The Oscars have been over for a while, and I find myself thinking about the way the awards doom otherwise good movies to unreasonable scrutiny, and ultimately, dismissal. There is a long list of Best Picture winners that I personally wouldn’t call the best movie of the year. In many cases (for some reason, I keep thinking of The Artist right now), I wouldn’t even call them the best movie amongst the nominees for that year. Despite the fact that no one allegedly cares about the Oscars, Best Picture winners tend to piss off an awful lot of people. Generally speaking, it’s not specifically the movie’s fault that an awards show you don’t like gave it significant recognition. But winning Best Picture, or worse yet, sweeping the Oscars, seems to brand a movie for life, for good or ill. It’s often too bad. A good movie is suddenly forced to compete with every movie released that year, every major Oscar winning film before it, and every movie in the history of the medium that should have won, or should have been nominated, but didn’t.
What’s my point? If you haven’t a Best Picture winner, and you’re planning to watch it, try to get stupid gold statue out of your head. In the same way that a box office monster isn’t necessarily a good movie, an Oscar-winning film shouldn’t be defined by that award. I like mentioning Oscar winners where it concerns people or films I like. I also like the trivia.
At the same time, I also think the fact that the Oscars can still define films, rather than the other way around, is one of the reasons why the Oscars are so goddamned annoying.
But it’s over for another year. We’re now left to consider the spring and summer movie releases, whether or not fiction can catch up to the cartoons horrors of our current reality, and how much more juice Hollywood can squeeze out of the current, ravenous demand for 80s and 90s nostalgia.
At some point, and feel free to remind me, we need to talk about the shitty original movies Netflix keeps putting out.
And no, I don’t judge you for your nostalgia frenzy. I’m as guilty of indulging it as anybody.
I mean, I don’t know about you, but you couldn’t keep me away from Michael Keaton playing the bad guy in a fucking Spiderman movie.
Jim Jarmusch Double Feature
Gimmie Danger (2016): A+
Paterson (2016): A-
Certainly, this is a great time to be a fan of Jim Jarmusch. In one corner, we have Gimmie Danger, which is likely to stand as the definitive documentary about Iggy Pop and The Stooges. In the other corner, we have Paterson, which has Jarmusch masterfully telling a deceptively simple story of a poet/bus driver (Adam Driver) named Paterson, and his life in Paterson, New Jersey.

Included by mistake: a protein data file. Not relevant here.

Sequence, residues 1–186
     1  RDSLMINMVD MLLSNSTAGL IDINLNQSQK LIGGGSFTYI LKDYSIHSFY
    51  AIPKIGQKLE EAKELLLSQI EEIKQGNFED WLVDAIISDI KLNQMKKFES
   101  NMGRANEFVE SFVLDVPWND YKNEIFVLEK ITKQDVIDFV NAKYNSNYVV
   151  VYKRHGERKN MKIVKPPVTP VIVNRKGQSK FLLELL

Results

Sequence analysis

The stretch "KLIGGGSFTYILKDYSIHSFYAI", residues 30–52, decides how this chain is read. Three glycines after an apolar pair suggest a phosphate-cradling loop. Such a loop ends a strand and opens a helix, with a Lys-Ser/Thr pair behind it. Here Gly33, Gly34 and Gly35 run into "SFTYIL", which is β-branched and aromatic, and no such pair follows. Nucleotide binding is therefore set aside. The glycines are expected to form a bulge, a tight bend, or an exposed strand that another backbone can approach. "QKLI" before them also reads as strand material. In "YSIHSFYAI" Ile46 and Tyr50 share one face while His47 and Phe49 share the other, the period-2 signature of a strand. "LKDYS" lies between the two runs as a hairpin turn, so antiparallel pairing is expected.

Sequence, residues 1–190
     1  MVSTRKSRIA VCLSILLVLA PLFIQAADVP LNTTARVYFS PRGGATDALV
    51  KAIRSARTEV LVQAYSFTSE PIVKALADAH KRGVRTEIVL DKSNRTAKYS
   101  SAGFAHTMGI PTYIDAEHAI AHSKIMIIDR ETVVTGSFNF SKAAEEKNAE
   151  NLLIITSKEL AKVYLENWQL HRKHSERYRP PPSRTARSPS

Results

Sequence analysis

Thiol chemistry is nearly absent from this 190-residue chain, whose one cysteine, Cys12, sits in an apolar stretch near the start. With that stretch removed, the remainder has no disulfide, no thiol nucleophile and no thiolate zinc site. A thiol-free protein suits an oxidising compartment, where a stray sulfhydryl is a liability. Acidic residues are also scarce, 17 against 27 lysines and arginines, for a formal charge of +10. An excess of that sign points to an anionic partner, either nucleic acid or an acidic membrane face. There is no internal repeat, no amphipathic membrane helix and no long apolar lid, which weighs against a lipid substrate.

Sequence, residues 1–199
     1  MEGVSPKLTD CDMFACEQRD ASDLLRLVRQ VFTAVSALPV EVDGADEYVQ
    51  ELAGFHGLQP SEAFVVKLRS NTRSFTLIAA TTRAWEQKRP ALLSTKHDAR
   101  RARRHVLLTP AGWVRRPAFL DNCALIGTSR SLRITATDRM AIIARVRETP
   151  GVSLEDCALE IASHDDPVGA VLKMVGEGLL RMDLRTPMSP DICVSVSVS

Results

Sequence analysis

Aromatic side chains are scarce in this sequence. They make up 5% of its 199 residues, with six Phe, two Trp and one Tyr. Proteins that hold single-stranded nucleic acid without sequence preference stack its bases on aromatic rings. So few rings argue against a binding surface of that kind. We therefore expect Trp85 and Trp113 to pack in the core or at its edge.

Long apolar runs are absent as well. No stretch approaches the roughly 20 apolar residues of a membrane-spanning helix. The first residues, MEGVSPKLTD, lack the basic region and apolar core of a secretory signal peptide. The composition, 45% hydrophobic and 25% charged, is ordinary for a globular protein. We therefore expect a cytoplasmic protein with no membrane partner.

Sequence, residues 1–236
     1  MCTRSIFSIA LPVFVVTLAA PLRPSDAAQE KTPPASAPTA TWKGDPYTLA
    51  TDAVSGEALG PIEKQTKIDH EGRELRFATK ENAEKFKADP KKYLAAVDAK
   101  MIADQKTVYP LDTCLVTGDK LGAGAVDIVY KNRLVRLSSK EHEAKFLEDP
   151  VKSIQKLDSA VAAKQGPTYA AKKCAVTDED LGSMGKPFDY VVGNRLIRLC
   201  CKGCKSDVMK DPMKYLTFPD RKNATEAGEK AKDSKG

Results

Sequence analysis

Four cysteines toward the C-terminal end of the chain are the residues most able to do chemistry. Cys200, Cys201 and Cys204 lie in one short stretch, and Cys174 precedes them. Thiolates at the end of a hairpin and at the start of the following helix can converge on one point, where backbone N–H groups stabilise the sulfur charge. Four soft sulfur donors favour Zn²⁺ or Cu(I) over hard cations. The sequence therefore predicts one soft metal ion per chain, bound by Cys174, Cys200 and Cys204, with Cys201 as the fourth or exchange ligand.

We’re clearly dealing with two different subjects. Yet there are shared qualities to be found between them. One fictional, while the other is non-fiction, both stories nonetheless deal with creative types. Both Paterson and Iggy Pop are brilliant men, although obviously very different from one another. Throughout both films, we watch as they struggle in one fashion or another to find a creative purpose. Their paths differ wildly from that point, yet both exist and move throughout crumbling burbs that are populated by the unique, the dammed, the kind, and the hopelessly confused.
And of course, Iggy’s story is one of rage and near-suicidal dedication to anarchy. Even after he gave up drugs and alcohol, Iggy continued to use his energy to seek and destroy the bullshit that chokes society with varying degrees of force. He’s doing it right now, even in what is likely, and finally, the twilight of his career. Gimmie Danger is a powerful celebration of a powerful figure, one of the few true architects of punk rock. It pays tribute to a vital artist.
And then you have Paterson, who never screams. He never raises his voice. He absorbs everything, tries to be the best human being he can possibly be, and puts the excess into his poems. Paterson as a film might be the least pretentious tribute to poetry in recent memory. It is another compelling character study from Jarmusch. It might be his best one in twenty years.
Both films consider the subject of art. The fact that Jarmusch could move between two completely different figures is a singular achievement. He is still one of the best filmmakers working today.
Rules Don’t Apply (2016): C-